Sanitation items might include: diluted bleach (9 parts water to 1 part bleach), liquid soap, pet litter and litter box (for cats), newspapers, paper towels, “pooper scooper”, plastic trash bags, zip-top plastic bags, etc. Make sure that you have identifying information concerning your pet, including: species, breed, age, sex, coloring, markings or other distinguishing characteristics.

Other emergency supplies might include: a flashlight, radio, spare batteries, tools, rope, permanent markers and other writing equipment, paper, candles, area maps, spray paint, baby wipes, protective clothing, extra cash, whistle, emergency blanket, etc.

As much as possible, pre-plan what you will do with your pet in the case of an emergency. Do not leave your pets behind if you have to leave your home. Anticipate where you would go if you had to evacuate from your home. Remember that many shelters for humans do not allow pets. You should make plans should you have to separate from your pet. Is there a friend, family member, relative, neighbor, pet-accepting hotels / motels, boarding kennel, animal control or animal welfare shelter, animal rescue group, veterinarian hospital, groomer, who could house your pet during an evacuation?

Speak to these contacts prior to an emergency to make arrangements for your pet’s housing and care should the need arise. Make sure that they understand your pet’s personal needs, diet, as well as its likes and dislikes. If necessary, make plans about where to meet in the event of an emergency to transfer your pet into their care.

General first aid supplies might include: a pet first-aid book, buffered aspirin, hydrogen peroxide, isopropyl alcohol, mineral oil, pet-safe antiseptic, swabs, styptic powder, Telfa pads, Vet Wrap, cotton Kling wrap, bandage scissors, triple antibiotic ointment, hemostat, Pad Guard spray, toe nail trimmers, tourniquet, sterile eyewash, sterile gauze pads, a roll of cotton gauze, cotton-tip applicators, latex gloves, flea and tick prevention, and adhesive tape.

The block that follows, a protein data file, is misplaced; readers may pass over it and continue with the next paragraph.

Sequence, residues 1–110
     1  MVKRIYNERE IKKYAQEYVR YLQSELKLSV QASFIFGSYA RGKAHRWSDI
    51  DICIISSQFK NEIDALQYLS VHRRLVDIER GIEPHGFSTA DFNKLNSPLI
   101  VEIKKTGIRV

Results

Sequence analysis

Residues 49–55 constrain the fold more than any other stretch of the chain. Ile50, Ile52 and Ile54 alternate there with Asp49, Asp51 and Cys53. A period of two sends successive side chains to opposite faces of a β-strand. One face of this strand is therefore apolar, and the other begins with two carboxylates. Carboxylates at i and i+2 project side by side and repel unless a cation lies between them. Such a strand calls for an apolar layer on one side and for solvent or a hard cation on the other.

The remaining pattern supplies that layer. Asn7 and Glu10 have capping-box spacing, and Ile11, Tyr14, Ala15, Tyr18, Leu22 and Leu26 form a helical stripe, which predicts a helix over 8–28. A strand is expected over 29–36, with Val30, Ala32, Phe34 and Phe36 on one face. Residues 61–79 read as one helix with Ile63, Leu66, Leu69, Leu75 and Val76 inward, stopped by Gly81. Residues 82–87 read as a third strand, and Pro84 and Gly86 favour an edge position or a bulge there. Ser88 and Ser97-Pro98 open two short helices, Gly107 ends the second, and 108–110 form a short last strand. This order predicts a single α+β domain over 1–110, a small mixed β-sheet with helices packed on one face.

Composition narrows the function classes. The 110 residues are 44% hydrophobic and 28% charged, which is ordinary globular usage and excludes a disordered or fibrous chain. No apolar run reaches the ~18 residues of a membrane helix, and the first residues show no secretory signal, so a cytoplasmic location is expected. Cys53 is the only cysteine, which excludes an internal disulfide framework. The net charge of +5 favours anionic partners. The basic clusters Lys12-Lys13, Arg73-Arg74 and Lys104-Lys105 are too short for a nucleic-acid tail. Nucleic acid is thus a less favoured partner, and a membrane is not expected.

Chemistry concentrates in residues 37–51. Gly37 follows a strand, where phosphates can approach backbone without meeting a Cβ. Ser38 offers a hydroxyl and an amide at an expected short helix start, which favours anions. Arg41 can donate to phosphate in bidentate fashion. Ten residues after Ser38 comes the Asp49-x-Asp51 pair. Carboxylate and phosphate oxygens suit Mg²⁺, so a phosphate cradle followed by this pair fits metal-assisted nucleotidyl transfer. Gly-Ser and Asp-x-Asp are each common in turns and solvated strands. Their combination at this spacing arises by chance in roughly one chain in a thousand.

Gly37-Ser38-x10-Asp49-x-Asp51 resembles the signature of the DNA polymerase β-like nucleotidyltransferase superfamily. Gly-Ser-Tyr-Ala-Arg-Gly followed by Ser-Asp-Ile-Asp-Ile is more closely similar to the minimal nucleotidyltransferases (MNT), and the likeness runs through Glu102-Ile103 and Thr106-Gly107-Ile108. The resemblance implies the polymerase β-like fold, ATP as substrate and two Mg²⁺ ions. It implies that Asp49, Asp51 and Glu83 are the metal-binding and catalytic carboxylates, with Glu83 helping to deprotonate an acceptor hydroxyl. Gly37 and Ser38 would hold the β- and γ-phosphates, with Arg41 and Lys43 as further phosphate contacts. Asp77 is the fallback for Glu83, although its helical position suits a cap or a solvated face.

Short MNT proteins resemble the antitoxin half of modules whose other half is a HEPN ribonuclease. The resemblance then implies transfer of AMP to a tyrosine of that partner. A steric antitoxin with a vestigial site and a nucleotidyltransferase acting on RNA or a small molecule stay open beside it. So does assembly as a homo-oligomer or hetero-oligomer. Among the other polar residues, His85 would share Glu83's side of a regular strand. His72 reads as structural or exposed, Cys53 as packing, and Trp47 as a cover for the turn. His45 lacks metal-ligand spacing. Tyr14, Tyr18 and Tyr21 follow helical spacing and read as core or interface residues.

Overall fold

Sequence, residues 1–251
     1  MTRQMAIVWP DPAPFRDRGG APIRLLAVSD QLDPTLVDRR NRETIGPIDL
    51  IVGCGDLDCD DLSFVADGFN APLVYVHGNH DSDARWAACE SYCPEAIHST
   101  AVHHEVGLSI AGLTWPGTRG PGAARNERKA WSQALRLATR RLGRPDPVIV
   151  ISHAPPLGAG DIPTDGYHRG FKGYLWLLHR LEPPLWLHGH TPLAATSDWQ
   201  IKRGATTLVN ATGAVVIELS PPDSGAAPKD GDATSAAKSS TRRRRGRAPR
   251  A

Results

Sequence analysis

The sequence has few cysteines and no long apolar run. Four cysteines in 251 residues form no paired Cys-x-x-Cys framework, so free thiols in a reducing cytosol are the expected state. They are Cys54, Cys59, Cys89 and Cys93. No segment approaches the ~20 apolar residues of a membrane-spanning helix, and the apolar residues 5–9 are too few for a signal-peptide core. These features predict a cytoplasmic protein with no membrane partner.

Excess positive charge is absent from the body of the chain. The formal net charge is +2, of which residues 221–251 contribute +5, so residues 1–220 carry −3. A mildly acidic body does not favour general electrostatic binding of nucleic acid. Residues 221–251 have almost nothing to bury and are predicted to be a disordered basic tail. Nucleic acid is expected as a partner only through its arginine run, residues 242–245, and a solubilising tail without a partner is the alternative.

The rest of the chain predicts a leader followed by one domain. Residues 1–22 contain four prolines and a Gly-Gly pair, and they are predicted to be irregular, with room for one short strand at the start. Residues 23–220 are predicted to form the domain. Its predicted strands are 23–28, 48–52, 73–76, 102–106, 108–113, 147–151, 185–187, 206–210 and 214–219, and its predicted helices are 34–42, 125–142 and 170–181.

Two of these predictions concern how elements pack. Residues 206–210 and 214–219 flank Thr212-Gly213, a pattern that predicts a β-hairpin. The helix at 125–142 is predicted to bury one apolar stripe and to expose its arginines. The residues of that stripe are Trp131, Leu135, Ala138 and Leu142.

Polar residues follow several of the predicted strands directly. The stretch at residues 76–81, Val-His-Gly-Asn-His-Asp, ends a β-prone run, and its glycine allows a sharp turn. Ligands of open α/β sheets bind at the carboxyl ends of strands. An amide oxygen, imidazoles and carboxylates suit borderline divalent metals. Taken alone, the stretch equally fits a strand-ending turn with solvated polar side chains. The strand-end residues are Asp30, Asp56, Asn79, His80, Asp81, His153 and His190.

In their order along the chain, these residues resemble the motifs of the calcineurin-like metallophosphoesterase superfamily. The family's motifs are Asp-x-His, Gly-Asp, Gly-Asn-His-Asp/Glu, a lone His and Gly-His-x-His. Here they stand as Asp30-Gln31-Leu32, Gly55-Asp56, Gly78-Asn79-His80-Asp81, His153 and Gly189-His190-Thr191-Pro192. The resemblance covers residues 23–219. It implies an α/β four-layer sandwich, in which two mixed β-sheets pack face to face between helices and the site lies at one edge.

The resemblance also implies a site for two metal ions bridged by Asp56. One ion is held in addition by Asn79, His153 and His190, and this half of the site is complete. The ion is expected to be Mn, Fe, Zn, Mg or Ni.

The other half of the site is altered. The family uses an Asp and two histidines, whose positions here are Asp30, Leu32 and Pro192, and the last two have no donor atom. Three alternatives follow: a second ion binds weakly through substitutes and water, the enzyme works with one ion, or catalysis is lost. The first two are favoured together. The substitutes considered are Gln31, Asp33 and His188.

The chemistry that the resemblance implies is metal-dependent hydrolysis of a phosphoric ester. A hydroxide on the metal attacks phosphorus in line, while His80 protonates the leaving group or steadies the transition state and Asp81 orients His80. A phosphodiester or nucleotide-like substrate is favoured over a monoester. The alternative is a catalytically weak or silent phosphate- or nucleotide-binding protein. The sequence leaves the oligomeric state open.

Make a list of important contact phone numbers and addresses so that you can reach them in a hurry during an emergency. Include the people and businesses in the above-paragraph, as well as

the local American Red Cross, fire department, utility companies, and law enforcement agencies. Prepare a sticker or sign to place in your window or on your door with information about where you can be contacted, as well as the wording “Evacuated With Pets” to let rescue workers know that you and your pets have left the property.

If you begin to suspect that an emergency may arise in your area, gather your pets inside or into a secure area, as when the emergency strikes, the pet may panic or become disoriented and run off or hide.

If you own livestock (horses, cattle, sheep, goats, llamas, pigs, etc.) or fowl, plan for their safe evacuation in advance, also. Speak with other local livestock owners or associations to see if they have already set up evacuation plans. Are stockyard or fairground facilities available during an emergency?

For more emergency preparedness information go to: www.ready.govwww.ready.gov/caringanimals or call 1-800-BE-READY.